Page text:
One of the first questions breeders ask prospective Cavalier owners is whether they are looking for a “pet or show” puppy. Some typical responses are: “I don't know; I just want a pretty one;” “I really want a pet, but we might like to have a litter or two so the children can experience birth, or so I can get a second Cavalier free;” and “What's the difference?”
“I don't know; I just want a pretty one.”
Markings greatly affect a dog's expression, that “melting” Cavalier look. While markings do play a part in distinguishing a “show” puppy from a “pet,” they are by no means the only difference between them. A pretty face is not all Cavaliers need to win over a show judge!
If it's a pretty face you're after, and you do not want to show or breed, let the breeder know. A Cavalier puppy with a lovely face and less than ideal topline, cowhocks, straight stifles, gay tail, or single testicle will fit your bill perfectly. Gay tails, cowhocks, and so on are important to judges and breeders, but they will make little difference to you. They do not affect the health of the dog, and you will still have the adorable Cavalier face and personality.
“I really want a pet, but we might like to have a litter or two so the children can experience birth, or so I can get a second Cavalier free.”
Because not all Cavalier breeders are experts in public relations, you may find that the breeder's response to this borders on rudeness. The reason for this is very valid - the breeder has probably devoted many years and more dollars than he or she would ever want to count trying to breed a Cavalier that is as close to the breed standard as possible. He or she may have seen a valuable beloved bitch die whelping a litter. (One breeder has been quoted as saying, “Are you willing for your children to experience death too?”)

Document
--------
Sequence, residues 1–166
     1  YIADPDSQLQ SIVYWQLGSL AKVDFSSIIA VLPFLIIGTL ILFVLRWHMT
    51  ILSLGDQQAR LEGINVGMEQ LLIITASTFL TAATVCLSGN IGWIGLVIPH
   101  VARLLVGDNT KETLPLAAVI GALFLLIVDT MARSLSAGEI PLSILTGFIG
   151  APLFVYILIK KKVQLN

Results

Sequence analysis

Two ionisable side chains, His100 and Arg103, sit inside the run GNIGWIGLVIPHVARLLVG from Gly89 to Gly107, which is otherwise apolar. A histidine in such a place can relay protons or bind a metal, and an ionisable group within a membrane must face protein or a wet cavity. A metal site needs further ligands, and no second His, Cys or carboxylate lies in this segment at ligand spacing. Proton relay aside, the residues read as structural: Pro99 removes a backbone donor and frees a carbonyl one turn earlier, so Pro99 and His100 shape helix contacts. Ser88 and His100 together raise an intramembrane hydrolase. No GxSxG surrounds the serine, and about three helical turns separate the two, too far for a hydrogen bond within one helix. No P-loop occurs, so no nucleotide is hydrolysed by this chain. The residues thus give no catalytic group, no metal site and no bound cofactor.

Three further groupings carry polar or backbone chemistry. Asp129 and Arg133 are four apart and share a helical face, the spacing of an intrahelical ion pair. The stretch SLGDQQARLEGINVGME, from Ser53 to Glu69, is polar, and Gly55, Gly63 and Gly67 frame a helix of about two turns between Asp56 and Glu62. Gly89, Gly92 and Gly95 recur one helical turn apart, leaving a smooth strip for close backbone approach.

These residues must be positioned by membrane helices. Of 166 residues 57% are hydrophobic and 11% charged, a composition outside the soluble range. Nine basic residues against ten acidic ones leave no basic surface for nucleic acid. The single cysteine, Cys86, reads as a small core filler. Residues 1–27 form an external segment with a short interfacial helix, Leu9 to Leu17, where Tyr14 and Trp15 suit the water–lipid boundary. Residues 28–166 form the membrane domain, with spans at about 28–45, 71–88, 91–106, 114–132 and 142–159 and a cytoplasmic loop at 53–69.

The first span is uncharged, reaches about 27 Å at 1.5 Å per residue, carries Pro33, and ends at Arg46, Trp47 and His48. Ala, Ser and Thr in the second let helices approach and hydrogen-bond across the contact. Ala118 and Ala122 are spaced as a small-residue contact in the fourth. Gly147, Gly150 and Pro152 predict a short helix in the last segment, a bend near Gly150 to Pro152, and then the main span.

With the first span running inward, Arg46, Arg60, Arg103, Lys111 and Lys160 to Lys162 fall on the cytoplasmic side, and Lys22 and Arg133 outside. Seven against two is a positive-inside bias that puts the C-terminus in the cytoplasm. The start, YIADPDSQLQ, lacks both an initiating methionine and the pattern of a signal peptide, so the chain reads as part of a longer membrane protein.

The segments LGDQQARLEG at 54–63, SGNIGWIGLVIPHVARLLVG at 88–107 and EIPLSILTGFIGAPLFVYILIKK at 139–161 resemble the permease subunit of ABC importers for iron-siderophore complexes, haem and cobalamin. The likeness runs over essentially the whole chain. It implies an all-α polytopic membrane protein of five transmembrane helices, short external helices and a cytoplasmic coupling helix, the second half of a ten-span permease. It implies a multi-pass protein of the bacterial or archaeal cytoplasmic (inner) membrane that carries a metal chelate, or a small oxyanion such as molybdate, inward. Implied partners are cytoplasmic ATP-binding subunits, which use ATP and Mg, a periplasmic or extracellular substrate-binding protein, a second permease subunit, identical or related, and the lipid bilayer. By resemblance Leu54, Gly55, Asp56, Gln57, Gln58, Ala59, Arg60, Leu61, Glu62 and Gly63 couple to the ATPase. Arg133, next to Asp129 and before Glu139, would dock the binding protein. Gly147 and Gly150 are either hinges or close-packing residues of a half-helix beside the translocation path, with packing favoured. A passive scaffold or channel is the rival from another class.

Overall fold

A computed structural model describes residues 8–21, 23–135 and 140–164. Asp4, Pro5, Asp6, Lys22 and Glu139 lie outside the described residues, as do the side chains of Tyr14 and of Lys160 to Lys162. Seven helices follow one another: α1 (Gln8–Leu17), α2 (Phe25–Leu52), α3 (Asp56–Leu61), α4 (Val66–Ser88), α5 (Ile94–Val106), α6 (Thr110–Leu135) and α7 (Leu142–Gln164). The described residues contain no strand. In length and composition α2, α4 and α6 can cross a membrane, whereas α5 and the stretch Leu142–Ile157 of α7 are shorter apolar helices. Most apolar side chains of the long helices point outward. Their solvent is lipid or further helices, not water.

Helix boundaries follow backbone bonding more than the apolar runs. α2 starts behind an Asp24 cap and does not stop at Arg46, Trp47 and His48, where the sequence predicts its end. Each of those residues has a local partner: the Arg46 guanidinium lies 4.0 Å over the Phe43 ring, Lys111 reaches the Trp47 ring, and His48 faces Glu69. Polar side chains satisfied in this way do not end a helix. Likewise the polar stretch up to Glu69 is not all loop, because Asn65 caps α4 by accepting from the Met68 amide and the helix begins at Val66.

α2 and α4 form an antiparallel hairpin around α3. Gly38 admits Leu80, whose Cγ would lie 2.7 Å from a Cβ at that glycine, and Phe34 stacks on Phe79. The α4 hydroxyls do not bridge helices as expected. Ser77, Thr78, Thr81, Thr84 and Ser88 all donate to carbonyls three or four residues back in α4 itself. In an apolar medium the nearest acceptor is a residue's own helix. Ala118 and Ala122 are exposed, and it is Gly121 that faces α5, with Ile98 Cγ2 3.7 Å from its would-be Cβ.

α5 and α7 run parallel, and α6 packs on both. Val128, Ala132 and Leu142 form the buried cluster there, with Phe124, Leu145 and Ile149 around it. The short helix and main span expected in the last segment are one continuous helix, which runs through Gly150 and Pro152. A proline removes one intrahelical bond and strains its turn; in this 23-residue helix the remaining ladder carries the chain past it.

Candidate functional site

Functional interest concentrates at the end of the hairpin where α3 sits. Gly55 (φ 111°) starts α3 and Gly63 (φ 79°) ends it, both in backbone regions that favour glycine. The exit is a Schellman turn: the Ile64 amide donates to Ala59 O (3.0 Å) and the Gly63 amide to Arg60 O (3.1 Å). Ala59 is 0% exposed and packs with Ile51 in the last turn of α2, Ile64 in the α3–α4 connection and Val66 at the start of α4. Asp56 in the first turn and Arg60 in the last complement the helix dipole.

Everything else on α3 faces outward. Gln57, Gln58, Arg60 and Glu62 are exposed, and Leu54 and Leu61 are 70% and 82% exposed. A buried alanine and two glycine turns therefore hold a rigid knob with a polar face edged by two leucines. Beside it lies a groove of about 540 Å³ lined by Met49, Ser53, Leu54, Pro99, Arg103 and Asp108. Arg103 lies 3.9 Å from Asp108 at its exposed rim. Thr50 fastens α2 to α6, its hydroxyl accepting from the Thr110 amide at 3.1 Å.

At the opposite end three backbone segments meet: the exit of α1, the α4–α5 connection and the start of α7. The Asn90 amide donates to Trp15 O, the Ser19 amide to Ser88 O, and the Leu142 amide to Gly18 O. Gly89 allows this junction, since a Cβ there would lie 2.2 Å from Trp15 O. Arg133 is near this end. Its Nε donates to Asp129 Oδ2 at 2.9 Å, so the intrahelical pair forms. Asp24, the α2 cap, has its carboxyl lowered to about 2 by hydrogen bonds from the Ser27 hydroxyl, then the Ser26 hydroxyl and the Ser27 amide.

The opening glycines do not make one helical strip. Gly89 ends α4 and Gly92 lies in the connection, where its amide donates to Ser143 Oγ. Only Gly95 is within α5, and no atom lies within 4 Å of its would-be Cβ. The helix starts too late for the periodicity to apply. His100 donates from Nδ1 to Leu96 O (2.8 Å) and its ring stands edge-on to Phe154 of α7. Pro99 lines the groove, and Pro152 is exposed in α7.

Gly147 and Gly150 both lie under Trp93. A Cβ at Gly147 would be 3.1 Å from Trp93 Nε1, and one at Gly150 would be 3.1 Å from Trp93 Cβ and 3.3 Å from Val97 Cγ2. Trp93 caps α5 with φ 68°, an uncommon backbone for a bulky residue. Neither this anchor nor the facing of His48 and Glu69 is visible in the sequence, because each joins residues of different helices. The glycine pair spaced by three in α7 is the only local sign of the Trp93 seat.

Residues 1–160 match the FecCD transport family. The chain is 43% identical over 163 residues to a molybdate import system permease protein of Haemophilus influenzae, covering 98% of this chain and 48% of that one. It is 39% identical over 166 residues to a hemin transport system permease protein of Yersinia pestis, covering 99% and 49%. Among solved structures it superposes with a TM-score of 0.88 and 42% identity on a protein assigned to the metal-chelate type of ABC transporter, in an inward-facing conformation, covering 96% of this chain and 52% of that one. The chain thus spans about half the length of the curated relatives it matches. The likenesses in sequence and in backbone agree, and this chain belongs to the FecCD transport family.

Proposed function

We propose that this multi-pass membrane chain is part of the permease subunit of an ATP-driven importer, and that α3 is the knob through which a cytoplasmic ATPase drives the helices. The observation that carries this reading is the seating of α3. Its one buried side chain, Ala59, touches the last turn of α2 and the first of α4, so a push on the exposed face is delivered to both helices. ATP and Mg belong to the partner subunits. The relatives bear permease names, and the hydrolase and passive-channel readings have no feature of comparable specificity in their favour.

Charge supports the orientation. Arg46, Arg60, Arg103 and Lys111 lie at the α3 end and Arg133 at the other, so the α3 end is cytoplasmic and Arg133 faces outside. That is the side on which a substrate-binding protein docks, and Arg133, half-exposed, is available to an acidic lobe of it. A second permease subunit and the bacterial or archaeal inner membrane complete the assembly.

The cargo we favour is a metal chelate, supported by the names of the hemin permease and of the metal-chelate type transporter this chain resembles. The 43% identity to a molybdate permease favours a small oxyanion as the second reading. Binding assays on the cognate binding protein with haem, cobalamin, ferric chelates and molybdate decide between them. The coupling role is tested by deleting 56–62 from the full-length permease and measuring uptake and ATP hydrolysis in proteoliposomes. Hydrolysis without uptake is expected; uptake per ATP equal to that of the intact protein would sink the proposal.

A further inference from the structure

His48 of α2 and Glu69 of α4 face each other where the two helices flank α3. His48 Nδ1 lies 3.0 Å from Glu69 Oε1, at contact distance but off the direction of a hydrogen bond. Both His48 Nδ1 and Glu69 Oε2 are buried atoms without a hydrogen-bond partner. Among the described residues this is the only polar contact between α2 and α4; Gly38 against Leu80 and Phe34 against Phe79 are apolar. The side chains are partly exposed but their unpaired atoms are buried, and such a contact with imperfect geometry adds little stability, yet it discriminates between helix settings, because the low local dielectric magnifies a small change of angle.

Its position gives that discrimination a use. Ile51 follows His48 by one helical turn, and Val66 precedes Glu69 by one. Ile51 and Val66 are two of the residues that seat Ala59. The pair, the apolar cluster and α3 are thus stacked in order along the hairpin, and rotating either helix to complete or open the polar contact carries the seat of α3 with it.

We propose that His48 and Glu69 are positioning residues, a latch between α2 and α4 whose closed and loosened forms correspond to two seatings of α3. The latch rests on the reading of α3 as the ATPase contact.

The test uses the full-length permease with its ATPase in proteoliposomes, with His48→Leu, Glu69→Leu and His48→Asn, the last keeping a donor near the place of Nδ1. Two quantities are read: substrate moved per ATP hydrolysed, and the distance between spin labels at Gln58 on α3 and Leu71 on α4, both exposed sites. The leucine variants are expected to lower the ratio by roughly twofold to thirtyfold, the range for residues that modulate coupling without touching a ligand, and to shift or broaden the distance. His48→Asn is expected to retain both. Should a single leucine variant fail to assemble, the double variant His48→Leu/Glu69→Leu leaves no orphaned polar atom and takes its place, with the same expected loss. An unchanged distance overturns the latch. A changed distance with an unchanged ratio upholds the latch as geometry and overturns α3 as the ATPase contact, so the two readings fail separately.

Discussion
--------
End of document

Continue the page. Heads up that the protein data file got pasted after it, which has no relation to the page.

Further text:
You could buy another quality puppy for what you may spend in stud fee and vet bills, to say nothing of the risk of losing the Cavalier you already have. Good owners do not grow on trees. How many of us have the appropriate physical setup, the financial means, to say nothing of the emotional stamina, to keep a litter of puppies for a minimum of ten weeks, perhaps as long as six to nine months, and maybe even forever? Most Cavalier breeders owned Cavaliers for years, first as pets, then as show dogs, before they attempted breeding a litter. It is not something to be undertaken lightly!
“What's the difference?”
One of the first differences you will discover is price. Prices for puppies vary, depending on the puppy, the breeder, and where the breeder is located. Puppies may sell for as little as one thousand or as much as three thousand dollars or more.
What is it about puppies that justifies such a wide price range? A variety of characteristics make the difference, but simply put, it is how close a puppy comes to being the “perfect Cavalier,” according to the Breed Standard. This Standard is lengthy and detailed. A breeder spends many years participating in shows and training his or her eye to be able to see these differences and should be able to articulate these differences to you, even if you cannot see them yourself.